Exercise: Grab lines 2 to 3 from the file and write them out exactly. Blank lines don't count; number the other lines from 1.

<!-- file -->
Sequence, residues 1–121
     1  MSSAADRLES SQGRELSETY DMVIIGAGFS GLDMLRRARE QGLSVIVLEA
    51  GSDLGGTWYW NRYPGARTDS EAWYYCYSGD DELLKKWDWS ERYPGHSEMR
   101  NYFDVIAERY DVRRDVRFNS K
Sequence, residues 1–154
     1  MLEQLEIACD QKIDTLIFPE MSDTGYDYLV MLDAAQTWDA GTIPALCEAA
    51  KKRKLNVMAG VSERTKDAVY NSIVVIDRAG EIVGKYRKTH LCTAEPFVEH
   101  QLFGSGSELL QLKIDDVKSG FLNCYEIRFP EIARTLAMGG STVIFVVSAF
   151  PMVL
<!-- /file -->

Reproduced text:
     1  MSSAADRLES SQGRELSETY DMVIIGAGFS GLDMLRRARE QGLSVIVLEA
    51  GSDLGGTWYW NRYPGARTDS EAWYYCYSGD DELLKKWDWS ERYPGHSEMR